Dictionary.com defines the noun "Bribe" this way:
1. Something, such as money or a favor, offered or given to a person in a position of trust to influence that person's views or conduct.
2. Something serving to influence or persuade.
Isn't this precisely what a lobbyist does? Isn't that the purpose of a lobby in the first place? Again, dictionary.com defines the verb "to lobby" as:
1. To try to influence public officials on behalf of or against (proposed legislation, for example): lobbied the bill through Congress; lobbied the bill to a negative vote.
2. To try to influence (an official) to take a desired action.
How do lobbyists do this? By making significant campaign donations on behalf of their clients. By wining and dining legislators in an attempt to influence their votes on a particular topic. By providing non-monetary perks to legislators, again with the intention of influencing their votes. The only difference between a successful lobby and a bribe is that the former is legal.
Now, in Abramoff's case, what he did certainly crossed the boundaries between legal lobby activities and criminal activities. What his actions underscore, though, is a fundamental problem with the entire concept of lobbying in the first place. As long as this system of legalized bribery is in place, large special interest groups will always have a far greater voice in our government than the people the government is allegedly in place to serve.
Eddy Murphy's satirical look at insider politics in The Distinguished Gentleman actually provides a chillingly accurate view into the corruption that surrounds everyday legislation. The voice of the people is seldom heard in Washington. Too often, it's drowned out by the roar of the lobbyist.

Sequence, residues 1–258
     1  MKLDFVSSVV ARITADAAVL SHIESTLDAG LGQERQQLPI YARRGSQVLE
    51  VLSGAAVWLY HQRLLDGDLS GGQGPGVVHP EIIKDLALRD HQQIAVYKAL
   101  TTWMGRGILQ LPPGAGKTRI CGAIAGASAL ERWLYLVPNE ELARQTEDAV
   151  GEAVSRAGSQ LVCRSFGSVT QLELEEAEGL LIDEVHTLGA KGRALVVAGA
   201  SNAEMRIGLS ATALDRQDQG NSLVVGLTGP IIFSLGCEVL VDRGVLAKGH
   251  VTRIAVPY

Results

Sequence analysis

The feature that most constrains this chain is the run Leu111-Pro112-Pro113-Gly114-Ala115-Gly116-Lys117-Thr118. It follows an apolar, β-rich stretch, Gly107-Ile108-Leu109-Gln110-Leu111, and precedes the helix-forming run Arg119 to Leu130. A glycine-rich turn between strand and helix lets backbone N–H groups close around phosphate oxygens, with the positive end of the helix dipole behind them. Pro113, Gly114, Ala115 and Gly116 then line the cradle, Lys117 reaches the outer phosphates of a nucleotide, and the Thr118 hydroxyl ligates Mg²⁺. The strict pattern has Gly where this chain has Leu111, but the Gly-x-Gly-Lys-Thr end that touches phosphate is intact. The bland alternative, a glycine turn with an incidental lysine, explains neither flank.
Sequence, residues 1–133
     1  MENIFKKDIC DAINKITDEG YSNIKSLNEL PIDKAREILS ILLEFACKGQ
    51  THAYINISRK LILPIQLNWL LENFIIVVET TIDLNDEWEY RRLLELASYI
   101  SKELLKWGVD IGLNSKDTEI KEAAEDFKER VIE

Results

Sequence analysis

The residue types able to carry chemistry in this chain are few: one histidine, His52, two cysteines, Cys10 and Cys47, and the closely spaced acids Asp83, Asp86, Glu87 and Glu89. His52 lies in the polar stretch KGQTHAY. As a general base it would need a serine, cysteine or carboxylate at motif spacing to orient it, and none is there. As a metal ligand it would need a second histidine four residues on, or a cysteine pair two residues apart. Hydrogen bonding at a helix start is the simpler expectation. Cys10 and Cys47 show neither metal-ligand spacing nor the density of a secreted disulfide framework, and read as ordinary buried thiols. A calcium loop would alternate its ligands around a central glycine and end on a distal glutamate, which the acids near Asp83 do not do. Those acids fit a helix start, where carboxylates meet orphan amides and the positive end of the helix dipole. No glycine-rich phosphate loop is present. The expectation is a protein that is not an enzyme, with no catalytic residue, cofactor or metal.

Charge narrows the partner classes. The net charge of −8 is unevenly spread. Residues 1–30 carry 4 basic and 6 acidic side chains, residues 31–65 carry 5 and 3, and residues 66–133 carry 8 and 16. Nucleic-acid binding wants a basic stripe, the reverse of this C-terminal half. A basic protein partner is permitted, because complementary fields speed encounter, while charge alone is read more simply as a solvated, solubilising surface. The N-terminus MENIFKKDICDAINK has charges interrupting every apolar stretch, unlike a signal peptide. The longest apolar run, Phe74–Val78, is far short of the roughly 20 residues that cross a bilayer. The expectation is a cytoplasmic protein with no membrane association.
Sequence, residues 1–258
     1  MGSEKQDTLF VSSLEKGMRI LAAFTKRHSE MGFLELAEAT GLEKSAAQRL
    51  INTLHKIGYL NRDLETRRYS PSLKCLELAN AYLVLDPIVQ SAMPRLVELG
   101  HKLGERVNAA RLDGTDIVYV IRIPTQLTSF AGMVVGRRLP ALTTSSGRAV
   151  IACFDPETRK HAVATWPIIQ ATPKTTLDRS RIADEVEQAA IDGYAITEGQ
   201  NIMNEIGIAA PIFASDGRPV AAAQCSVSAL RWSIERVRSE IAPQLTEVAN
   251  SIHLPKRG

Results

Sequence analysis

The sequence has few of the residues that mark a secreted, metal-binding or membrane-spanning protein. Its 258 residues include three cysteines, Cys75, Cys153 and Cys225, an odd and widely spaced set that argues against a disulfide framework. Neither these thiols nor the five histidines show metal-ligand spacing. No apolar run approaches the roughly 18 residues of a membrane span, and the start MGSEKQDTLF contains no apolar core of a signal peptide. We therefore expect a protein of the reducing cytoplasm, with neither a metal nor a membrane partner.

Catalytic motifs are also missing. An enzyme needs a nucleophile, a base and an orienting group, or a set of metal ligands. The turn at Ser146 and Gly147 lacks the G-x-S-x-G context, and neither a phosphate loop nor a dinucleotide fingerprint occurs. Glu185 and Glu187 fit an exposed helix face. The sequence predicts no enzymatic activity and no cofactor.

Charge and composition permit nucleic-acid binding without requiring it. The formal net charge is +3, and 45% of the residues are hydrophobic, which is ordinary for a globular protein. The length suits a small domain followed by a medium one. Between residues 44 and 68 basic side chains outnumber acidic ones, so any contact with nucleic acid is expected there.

Right now, there's a lot of "harrumphing" by the talking heads over the Abramoff case. Analysts, in typical "The End is Near" fashion, are trumpeting the downfall of many a politician as Abramoff starts to name names. The truth is, however, nothing is going to come of this other than a stint at the government's expense by Abramoff. There is not a person in congress that has not dealt with lobbyists, and the full extent of their dealings with lobbyists is not something any congressman wants their constituents to know. The Abramoff case is going to be swept aside as fast as anything can possibly move in Washington.
Will there be any legislative changes forthcoming? Obviously not. There's no way congress is going to vote away their cash cow. So for the moment, enjoy the hoopla being generated in the media, but expect nothing other than a side-show to come of this. It's not in any legislator's best interests to modify the rules or to change the legalized bribery that occurs, and after all, it's their best interests that come before all of ours.
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